Head and neck cancer affects more than 12,000 Britons a year. Most are successfully treated with radiotherapy and chemotherapy. Those affected by osteoradionecrosis often first notice that something is wrong when pieces of bone in the mouth begin to protrude as the gums recede due to a lack of blood supply.

The uncovered bone can then become infected. Professor Mark McGurk, an oral surgeon at University College London Hospital, said, “The quality of life for people with this condition is appalling.”

Doctors often prescribe antibiotics to treat the infections, but this cannot stop the bone breakdown. Surgery is offered, but in one case in five it fails to stop the damage.

Medicines pentoxifylline and tocopherol have been proven to stimulate blood flow. Prof McGurk said, “This condition is caused by blood loss to the bone, so by improving blood flow to the area, we give the bone the tools it needs to repair itself.”

In December 2020, Dr. Patel published the largest study to date on the use of Pentoclo in osteoradionecrosis. The study of more than 100 patients taking the drug found that more than 80 percent of them had their bone deterioration halted.

Dr. Vinod Patel, a consultant oral surgeon with Guy's and St Thomas' NHS Foundation Trust, led the study and said he hoped the findings would motivate other cancer specialists to take the treatment.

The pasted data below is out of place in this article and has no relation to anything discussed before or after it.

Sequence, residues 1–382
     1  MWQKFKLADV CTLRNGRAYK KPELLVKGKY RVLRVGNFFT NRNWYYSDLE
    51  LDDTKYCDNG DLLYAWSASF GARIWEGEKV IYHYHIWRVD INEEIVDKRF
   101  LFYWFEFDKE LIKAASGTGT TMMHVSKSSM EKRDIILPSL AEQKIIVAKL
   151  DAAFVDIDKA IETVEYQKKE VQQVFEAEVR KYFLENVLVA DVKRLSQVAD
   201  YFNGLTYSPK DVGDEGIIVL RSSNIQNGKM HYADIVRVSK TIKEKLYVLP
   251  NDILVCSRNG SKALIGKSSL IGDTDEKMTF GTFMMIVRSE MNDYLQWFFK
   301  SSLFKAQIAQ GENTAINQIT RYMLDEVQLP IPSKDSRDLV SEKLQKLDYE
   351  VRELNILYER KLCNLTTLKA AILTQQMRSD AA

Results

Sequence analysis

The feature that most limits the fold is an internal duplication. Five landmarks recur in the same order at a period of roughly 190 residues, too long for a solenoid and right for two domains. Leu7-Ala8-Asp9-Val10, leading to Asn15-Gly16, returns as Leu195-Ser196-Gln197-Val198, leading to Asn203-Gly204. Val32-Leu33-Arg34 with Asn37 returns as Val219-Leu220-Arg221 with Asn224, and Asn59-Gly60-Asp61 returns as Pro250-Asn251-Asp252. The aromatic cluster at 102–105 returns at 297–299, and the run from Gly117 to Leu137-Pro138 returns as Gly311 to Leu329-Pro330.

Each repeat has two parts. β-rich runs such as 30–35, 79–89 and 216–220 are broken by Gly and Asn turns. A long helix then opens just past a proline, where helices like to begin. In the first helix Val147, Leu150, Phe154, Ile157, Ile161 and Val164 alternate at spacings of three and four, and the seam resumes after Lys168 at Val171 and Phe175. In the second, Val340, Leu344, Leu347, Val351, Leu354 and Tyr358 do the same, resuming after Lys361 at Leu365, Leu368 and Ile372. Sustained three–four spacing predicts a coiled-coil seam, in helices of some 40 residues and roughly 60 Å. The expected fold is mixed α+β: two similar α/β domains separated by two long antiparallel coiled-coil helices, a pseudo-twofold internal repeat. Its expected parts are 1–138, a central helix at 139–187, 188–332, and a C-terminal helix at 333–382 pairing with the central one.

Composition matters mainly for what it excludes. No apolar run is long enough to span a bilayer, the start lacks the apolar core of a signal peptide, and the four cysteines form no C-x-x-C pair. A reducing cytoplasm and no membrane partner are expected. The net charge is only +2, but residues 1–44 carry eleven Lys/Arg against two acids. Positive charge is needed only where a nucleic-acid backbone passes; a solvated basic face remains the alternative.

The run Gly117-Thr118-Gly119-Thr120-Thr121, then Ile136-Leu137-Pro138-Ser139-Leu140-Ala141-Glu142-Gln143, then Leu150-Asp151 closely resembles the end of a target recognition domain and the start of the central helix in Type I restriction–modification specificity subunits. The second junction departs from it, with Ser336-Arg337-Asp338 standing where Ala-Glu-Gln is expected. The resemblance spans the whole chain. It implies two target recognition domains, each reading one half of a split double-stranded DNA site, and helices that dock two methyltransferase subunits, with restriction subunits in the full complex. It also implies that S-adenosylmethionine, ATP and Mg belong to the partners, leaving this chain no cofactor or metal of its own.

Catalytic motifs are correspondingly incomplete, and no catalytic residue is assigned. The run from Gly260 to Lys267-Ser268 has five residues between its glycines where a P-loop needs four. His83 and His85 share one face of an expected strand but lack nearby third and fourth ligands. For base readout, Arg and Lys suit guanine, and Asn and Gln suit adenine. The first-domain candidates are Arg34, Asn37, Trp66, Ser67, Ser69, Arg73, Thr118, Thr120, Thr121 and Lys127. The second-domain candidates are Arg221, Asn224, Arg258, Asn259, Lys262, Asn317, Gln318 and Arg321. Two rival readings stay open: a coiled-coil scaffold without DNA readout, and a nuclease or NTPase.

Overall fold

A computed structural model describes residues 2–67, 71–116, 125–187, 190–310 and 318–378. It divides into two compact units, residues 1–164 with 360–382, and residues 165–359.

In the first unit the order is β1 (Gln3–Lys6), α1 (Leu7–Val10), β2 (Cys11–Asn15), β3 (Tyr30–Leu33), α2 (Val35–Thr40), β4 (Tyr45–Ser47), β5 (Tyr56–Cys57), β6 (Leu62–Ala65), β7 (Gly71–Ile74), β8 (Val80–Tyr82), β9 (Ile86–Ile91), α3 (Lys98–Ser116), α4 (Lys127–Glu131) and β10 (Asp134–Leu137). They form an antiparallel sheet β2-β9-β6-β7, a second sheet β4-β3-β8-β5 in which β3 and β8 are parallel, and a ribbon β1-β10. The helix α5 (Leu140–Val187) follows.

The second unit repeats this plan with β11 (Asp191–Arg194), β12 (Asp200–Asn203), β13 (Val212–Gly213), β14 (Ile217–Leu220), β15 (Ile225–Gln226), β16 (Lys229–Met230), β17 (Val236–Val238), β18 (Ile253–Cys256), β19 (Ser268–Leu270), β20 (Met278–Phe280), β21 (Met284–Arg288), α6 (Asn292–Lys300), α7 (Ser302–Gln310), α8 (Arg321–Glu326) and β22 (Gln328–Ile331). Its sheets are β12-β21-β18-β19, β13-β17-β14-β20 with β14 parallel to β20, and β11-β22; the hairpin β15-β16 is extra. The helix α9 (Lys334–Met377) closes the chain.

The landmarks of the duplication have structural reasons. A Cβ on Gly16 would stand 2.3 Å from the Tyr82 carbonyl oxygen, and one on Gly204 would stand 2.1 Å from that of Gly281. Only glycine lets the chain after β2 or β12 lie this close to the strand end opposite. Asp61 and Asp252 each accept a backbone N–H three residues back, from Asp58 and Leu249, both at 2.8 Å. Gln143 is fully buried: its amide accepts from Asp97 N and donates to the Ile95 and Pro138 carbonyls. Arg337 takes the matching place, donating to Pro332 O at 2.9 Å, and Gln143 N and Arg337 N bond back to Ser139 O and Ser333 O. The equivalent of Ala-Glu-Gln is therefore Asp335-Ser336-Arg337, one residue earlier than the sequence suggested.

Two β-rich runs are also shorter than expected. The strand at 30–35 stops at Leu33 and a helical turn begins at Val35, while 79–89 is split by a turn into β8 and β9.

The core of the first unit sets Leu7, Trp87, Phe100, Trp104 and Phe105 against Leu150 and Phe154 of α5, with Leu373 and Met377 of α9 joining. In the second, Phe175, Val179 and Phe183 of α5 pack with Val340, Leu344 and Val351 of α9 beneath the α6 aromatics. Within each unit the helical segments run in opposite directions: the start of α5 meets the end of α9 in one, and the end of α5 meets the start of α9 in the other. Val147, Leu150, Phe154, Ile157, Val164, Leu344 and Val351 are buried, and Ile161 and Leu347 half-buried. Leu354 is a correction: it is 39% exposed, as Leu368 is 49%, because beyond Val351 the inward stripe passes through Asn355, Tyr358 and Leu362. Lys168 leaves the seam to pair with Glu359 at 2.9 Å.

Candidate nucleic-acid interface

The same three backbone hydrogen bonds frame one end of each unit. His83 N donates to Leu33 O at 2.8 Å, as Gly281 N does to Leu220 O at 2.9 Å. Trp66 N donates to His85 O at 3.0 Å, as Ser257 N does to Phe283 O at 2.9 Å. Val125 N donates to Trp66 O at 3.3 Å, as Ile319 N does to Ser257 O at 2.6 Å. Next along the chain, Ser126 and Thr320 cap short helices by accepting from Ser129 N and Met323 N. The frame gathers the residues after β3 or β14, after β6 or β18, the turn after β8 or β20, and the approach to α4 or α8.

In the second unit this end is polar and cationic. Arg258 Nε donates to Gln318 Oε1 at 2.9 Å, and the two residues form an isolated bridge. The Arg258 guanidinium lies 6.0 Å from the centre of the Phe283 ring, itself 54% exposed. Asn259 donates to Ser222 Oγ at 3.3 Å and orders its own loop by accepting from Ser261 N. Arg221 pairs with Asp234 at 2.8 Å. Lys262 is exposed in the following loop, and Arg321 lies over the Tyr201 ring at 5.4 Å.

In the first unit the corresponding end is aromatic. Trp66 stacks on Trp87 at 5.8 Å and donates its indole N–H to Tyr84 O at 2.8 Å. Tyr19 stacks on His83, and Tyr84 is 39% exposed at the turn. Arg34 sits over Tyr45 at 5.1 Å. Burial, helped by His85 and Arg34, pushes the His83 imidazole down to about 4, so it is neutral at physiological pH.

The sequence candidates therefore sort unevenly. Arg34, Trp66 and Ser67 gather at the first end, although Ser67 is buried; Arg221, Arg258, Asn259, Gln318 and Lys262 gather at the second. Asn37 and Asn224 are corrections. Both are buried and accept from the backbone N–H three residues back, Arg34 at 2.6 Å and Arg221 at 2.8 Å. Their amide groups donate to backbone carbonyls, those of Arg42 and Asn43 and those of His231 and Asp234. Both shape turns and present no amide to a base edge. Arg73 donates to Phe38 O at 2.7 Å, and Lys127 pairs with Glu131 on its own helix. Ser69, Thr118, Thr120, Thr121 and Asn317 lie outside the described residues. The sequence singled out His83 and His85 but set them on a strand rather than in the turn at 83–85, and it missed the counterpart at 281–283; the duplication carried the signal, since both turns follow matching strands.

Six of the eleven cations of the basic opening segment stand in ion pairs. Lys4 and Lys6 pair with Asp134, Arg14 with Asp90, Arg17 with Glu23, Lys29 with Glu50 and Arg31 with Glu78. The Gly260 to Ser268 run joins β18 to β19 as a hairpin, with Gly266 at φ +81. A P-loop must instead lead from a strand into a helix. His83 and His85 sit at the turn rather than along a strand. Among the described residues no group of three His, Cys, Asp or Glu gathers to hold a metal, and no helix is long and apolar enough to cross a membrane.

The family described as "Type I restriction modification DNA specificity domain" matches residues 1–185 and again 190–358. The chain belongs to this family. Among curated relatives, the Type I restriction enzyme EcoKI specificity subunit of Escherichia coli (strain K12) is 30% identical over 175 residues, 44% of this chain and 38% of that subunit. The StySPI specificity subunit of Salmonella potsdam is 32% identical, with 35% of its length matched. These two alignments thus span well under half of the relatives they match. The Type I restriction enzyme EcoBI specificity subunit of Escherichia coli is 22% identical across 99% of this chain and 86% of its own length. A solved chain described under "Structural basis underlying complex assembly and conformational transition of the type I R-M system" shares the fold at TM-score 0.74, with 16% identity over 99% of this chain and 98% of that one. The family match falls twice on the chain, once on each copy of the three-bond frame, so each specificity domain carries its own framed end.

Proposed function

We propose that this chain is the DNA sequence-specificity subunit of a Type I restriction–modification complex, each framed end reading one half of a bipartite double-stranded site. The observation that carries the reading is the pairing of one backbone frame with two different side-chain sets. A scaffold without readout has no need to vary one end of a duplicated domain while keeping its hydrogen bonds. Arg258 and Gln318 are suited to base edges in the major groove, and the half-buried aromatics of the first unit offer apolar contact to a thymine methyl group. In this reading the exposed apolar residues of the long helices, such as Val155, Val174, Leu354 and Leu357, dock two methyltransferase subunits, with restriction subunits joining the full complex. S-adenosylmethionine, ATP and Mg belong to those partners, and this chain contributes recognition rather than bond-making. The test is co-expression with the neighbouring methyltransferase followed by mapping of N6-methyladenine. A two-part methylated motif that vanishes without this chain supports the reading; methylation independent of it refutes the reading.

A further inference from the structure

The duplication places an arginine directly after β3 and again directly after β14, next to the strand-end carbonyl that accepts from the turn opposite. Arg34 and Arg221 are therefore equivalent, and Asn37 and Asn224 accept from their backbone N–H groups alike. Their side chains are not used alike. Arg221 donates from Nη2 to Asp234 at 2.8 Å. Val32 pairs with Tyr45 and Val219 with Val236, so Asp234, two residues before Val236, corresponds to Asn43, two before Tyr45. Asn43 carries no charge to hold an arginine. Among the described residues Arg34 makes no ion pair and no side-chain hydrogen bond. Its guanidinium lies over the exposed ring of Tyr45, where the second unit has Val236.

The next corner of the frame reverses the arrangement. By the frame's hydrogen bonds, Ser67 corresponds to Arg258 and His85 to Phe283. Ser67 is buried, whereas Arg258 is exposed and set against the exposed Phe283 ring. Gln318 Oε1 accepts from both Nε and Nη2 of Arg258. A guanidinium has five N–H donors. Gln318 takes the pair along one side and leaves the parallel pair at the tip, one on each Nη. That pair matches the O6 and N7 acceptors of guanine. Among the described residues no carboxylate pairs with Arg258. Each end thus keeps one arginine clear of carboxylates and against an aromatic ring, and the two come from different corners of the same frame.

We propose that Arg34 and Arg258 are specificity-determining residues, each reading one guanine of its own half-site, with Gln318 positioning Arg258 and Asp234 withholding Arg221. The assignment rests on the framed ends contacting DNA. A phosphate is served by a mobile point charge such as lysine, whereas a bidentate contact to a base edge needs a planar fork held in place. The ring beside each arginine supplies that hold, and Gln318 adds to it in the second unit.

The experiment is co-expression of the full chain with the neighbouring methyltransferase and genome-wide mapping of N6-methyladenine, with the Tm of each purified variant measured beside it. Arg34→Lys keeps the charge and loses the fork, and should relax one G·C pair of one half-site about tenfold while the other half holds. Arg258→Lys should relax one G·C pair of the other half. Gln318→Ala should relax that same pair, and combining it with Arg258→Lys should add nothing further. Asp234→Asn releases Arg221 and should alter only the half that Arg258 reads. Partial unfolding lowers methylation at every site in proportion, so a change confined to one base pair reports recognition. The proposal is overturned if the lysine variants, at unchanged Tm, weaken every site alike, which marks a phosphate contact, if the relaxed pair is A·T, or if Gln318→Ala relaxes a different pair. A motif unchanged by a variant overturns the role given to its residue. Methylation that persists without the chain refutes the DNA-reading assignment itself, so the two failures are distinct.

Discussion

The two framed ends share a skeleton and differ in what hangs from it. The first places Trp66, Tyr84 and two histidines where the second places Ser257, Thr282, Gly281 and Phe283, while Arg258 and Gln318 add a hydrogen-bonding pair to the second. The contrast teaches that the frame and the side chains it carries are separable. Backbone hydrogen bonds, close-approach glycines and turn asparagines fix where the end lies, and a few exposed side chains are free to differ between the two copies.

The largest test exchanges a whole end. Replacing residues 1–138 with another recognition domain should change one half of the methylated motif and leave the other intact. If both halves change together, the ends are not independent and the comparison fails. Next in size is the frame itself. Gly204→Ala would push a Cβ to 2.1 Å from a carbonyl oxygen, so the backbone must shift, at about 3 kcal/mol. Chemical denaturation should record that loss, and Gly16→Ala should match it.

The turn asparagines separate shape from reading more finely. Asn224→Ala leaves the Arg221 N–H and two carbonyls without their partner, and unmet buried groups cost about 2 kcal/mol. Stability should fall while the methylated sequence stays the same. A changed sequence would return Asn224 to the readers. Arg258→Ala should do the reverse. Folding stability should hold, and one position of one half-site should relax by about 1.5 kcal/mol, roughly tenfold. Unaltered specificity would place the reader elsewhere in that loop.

Dr. Vinod Patel, a consultant oral surgeon with Guy's and St Thomas' NHS Foundation Trust, led the study and said he hoped the findings would motivate other cancer specialists to take the treatment.

Dr. Vinod Patel, a consultant oral surgeon with Guy’s and St Thomas’ NHS Foundation Trust, led the study and said he hoped the findings would motivate other cancer specialists to take the treatment.

What’s the difference … between palpitations and arrhythmias?

Palpitations are the realization of the beating of the heart. Triggers are broad, from stress to consuming too much alcohol.

In most cases they are harmless. However, they can also be a symptom of a group of conditions known as arrhythmias, where the heart beats abnormally due to nerve problems.